Common: Blood bilirubin increased, Aspartate aminotransferase increased, Alanine aminotransferase increased
Unknown: Blood pressure decreased, Blood creatinine increased, Hepatic enzyme increased.
Reporting of suspected adverse reactions
Reporting suspected adverse reactions after authorisation of the medicinal product is important. It allows continued monitoring of the benefit/risk balance of the medicinal product. Healthcare professionals are asked to report any suspected adverse reactions via the Yellow Card Scheme at: www.mhra.gov.uk/yellowcard or search for MHRA Yellow Card in the Google Play or Apple App Store.
Signs and Symptoms
Nausea, vomiting, abdominal pain, pruritus, headache and increasing lethargy will probably occur within a short time after acute ingestion; unconsciousness may occur when there is severe hepatic disease. Transient increases in liver enzymes and/or bilirubin may occur. Brownish-red or orange colouration of the skin, urine, sweat, saliva, tears and faeces will occur, and its intensity is proportional to the amount ingested. Facial or periorbital oedema has also been reported in paediatric patients. Hypotension, sinus tachycardia, ventricular arrhythmias, seizures and cardiac arrest were reported in some fatal cases.
The minimum acute lethal or toxic dose is not well established. However, nonfatal acute overdoses in adults have been reported with doses ranging from 9 to 12 g rifampicin. Fatal acute overdoses in adults have been reported with doses ranging from 14-60 g. Alcohol or a history of alcohol abuse was involved in some of the fatal and nonfatal reports.
Nonfatal overdoses in paediatric patients ages 1 to 4 years old of 100 mg/kg for one to two doses have been reported.
Intensive supportive measures should be instituted and individual symptoms treated as they arise. Since nausea and vomiting are likely to be present, gastric lavage is probably preferable to induction of emesis. Following evacuation of the gastric contents, the instillation of activated charcoal slurry into the stomach may help absorb any remaining drug from the gastrointestinal tract. Antiemetic medication may be required to control severe nausea and vomiting. Active diuresis (with measured intake and output) will help promote excretion of the drug. Haemodialysis may be of value in some patients.
Pharmacotherapeutic group: Antimycobacterials, antibiotics, ATC code: J04AB02
Rifampicin is an active bactericidial antituberculosis drug which is particularly active against the rapidly growing extracellular organisms and also has bactericidial activity intracellularly. Rifampicin has activity against slow and intermittently-growing M Tuberculosis.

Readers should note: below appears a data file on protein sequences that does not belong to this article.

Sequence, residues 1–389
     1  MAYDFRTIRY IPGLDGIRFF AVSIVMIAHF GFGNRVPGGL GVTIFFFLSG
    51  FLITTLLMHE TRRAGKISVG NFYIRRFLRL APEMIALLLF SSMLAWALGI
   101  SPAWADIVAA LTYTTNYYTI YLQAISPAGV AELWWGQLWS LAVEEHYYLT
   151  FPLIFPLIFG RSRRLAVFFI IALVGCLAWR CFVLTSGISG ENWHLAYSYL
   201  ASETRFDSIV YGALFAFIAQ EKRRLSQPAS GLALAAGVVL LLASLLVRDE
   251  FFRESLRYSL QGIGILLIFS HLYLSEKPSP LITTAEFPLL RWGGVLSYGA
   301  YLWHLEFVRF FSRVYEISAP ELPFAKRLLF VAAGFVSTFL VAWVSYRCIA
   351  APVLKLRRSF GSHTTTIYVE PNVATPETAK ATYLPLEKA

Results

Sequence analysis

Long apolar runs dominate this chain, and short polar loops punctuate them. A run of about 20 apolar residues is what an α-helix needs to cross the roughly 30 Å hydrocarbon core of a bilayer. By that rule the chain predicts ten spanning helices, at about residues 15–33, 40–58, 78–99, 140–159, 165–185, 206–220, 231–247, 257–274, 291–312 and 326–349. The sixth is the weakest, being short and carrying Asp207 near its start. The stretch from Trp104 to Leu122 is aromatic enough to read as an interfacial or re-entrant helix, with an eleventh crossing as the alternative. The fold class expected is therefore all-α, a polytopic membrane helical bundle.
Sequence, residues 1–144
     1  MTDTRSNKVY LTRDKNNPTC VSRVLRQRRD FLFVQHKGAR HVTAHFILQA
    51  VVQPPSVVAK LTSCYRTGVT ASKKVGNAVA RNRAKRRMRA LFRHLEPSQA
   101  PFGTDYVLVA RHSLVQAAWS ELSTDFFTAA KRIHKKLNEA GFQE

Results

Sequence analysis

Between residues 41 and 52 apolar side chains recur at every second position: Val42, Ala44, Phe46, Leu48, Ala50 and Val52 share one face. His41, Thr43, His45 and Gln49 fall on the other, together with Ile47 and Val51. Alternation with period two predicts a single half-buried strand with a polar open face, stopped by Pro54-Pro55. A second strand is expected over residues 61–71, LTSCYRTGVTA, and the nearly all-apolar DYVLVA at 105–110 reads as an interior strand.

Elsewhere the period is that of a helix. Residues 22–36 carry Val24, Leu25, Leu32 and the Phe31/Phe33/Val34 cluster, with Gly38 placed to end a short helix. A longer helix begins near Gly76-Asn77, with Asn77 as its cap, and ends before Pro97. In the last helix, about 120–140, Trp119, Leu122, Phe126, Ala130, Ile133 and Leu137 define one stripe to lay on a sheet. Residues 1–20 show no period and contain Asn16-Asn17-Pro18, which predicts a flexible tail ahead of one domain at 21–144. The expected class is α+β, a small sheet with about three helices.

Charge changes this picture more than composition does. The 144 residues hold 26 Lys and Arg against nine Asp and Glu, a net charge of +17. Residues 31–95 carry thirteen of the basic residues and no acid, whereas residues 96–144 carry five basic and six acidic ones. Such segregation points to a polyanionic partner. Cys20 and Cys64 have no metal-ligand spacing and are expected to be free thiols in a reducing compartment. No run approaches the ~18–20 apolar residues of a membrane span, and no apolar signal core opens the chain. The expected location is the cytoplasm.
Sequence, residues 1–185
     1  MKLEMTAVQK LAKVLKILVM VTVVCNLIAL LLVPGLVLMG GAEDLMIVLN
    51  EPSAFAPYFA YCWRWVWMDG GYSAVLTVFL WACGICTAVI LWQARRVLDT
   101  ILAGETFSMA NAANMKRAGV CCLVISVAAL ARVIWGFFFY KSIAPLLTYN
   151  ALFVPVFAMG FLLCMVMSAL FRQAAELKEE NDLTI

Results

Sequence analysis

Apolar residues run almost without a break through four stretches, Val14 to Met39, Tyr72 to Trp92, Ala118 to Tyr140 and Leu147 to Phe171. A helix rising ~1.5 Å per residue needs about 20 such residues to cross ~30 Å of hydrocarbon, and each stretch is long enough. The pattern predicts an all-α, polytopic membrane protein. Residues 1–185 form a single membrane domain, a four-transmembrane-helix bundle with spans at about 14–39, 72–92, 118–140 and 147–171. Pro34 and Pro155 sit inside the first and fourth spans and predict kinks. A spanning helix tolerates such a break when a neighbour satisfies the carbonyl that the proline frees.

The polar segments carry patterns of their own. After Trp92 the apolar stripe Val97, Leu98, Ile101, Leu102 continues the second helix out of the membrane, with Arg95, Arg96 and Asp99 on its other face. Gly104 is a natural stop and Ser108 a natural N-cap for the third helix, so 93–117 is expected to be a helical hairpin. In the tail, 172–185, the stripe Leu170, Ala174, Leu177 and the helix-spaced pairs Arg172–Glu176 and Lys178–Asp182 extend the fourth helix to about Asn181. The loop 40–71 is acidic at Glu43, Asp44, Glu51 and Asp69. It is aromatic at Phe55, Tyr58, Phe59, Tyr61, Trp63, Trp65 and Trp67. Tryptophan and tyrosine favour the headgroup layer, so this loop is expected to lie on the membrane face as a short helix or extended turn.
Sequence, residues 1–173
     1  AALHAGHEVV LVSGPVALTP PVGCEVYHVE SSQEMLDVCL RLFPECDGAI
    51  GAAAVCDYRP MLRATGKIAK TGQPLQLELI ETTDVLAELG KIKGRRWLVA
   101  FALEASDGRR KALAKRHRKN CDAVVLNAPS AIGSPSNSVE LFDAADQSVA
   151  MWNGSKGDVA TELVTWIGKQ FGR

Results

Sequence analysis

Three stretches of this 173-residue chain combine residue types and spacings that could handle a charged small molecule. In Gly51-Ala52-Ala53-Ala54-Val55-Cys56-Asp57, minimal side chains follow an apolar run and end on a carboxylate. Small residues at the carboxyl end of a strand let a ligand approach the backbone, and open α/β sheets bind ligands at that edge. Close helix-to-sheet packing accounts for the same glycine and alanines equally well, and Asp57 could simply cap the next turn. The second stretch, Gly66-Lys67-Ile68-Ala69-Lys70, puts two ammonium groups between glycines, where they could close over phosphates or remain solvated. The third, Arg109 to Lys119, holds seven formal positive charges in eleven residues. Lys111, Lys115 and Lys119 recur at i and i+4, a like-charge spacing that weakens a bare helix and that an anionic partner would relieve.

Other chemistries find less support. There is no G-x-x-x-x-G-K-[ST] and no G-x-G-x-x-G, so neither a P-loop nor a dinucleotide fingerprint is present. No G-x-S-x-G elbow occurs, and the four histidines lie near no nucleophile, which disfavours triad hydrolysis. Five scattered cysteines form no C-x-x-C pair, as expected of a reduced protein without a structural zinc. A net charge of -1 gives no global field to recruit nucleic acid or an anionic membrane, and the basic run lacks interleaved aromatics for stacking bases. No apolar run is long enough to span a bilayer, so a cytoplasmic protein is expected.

Rifampicin inhibits DNA-dependent RNA polymerase activity in susceptible cells. Specifically, it interacts with bacterial RNA polymerase but does not inhibit the mammalian enzyme. Cross-resistance to rifampicin has only been shown with other rifamycins.
Rifampicin is readily absorbed from the gastrointestinal tract. Peak serum concentrations of the order of 10 µg/ml occur about 2 to 4 hours after a dose of 10 mg/kg body weight on an empty stomach.
Absorption of rifampicin is reduced when the drug is ingested with food.
The pharmacokinetics (oral and intravenous) in children are similar to adults.
In normal subjects the biological half-life of rifampicin in serum averages about 3 hours after a 600 mg dose and increases to 5.1 hours after a 900 mg dose. With repeated administration, the half-life decreases and reaches average values of approximately 2-3 hours. At a dose of up to 600 mg/day, it does not differ in patients with renal failure and consequently, no dosage adjustment is required.
Rifampicin is rapidly eliminated in the bile and an enterophepatic circulation ensues. During this process, rifampicin undergoes progressive deacetylation, so that nearly all the drug in the bile is in this form in about 6 hours. This metabolite retains essentially complete antibacterial activity. Intestinal reabsorption is reduced by deacetylation and elimination is facilitated. Up to 30 % of a dose is excreted in the urine, with about half of this being unchanged drug.
Rifampicin is widely distributed throughout the body. It is present in effective concentrations in many organs and body fluids, including cerebrospinal fluid. Rifampicin is about 80 % protein bound. Most of the unbound fraction is not ionized and therefore is diffused freely in tissues.
There are no preclinical safety data of relevance to the prescriber which are additional to those already included in other sections of the SPC.
Each capsule contains:
The capsule cap and body contains:
Titanium Dioxide (E171)
Red Iron Oxide (E172)
The capsule printing ink contains:
Iron oxide black (E172)
Store in a cool dry place.
Polypropylene containers with polyethylene cap (with optional polyethylene ullage filler) in packs of 5, 7, 8, 10, 14, 15, 16, 20, 21, 25, 28, 30, 56, 60, 84, 90, 100, 250 and 500 capsules
No special requirements.
Generics [UK] Limited t/a Mylan
Date of first authorisation: 3 July 1986
Date of latest renewal: 5 April 2002
03 December 2019